- The Daily Show, The Colbert Report, and the Meta-Silly Season in Politics: Agenda Setting in the Contemporary Media Environment by Jennifer Brundidge [Flow 8.10 October 16, 2008] – A look at the role of The Daily Show and The Colbert Report in discussing, reporting and debunking other reporting regarding the political process and, most notably, the 2008 US presidential election: “…the particular format by which The Daily Show and The Colbert Report are able to pose a challenge to mainstream media agendas and frames. By being “silly,” they are able to effectively challenge “silly season in politics.” Indeed, there is a good deal of evidence to suggest that through this process, The Daily Show and The Colbert Report play an important role in advancing the political sophistication of their audiences.”
- Tigh/Roslin 2008: When Politics Turn Fictional by Emily Regan Wills [Flow 8.10, October 16, 2008] – Great article exploring the Tigh/Roslin parody by Battlestar Galactica fans regarding the McCain/Palin ticket. An excerpt: “… Battlestar Galactica is sufficiently complex, and sufficiently political, that it is possible to interpellate political positions for its characters. Fans know where Roslin falls on abortion policy: the plot of an episode revolved around her decision whether or not to make abortion illegal in the fleet, and included arguments based on religion, civil liberties, and population structure. Her general style of governance, her position on separation of church and state, even how she feels about wildlife conservation: it is plausible to deduce political positions for Roslin on each of these contemporary political questions. ” (There are a bunch of other great articles in the special issue of Flow about Sarah Palin, too. )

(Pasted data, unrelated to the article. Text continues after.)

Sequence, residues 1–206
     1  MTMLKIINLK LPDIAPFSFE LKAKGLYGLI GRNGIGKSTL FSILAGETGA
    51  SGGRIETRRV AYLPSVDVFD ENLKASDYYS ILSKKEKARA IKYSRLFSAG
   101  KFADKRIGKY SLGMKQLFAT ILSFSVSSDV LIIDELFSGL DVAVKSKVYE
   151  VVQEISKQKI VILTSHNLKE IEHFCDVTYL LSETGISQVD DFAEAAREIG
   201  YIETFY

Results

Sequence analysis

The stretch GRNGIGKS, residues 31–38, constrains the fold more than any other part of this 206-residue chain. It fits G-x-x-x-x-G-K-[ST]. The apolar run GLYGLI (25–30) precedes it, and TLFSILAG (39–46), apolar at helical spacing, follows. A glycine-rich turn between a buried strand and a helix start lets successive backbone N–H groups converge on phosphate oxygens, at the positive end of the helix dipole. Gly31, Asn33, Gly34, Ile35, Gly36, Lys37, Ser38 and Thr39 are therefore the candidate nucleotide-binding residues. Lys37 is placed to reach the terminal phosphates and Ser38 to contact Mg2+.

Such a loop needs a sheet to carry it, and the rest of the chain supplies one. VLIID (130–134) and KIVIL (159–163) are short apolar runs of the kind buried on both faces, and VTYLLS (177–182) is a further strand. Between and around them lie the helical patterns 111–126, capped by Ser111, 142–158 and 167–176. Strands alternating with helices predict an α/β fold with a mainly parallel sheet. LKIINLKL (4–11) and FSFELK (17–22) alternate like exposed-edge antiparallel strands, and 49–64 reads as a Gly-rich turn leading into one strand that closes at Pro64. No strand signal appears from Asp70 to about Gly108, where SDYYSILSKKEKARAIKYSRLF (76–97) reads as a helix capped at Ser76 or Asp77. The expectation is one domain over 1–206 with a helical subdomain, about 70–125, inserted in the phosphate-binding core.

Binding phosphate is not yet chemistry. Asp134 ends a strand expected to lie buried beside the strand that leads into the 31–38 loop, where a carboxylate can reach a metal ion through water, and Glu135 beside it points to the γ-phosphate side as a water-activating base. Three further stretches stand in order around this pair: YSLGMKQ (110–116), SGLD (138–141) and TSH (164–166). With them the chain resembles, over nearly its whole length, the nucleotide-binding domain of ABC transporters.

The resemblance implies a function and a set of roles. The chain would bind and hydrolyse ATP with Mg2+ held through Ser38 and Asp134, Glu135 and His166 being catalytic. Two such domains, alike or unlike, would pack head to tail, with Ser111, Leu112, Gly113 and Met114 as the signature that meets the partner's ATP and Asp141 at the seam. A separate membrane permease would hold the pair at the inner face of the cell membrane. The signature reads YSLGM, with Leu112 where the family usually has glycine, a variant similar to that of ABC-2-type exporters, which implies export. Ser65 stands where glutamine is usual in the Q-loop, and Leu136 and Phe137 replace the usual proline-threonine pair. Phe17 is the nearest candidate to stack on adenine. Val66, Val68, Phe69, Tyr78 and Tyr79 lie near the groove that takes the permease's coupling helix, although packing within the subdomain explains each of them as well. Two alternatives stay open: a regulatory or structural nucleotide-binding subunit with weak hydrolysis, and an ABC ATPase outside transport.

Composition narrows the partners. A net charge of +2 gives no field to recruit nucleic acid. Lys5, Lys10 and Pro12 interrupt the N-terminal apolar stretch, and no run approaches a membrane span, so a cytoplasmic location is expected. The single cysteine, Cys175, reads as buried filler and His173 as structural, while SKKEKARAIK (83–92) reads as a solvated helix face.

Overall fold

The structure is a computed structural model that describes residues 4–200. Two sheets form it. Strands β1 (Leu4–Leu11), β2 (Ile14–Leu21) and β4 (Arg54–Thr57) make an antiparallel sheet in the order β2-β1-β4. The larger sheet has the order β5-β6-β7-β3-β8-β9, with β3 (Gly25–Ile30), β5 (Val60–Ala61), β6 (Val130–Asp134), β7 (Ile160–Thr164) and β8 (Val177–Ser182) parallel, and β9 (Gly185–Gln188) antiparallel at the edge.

Links of interest for September 9th 2008 through September 10th 2008:
- Pirates become canon keepers [The Australian] – “Some commentators have suggested that it’s simply easier for studios to replace the entire score than to investigate music rights. In any case, an unannounced modern alteration is cultural vandalism, even if you don’t think the original work was any good. As a result the DVD is useless as a piece of cultural history and as a representation of an original work. With the internet full of sellers (often fans themselves) willing to provide the copies of this and other series taken from unedited broadcasts, the studio has taken a huge step towards legitimising piracy as a means of cultural preservation.” (A fantastic, if rather sarcastic, article by Kit MacFarlane arguing that piracy may be the only course open to preserve tv texts in the face of minor – and major – alterations made by studios and distributors on the way to dvd releases and more. )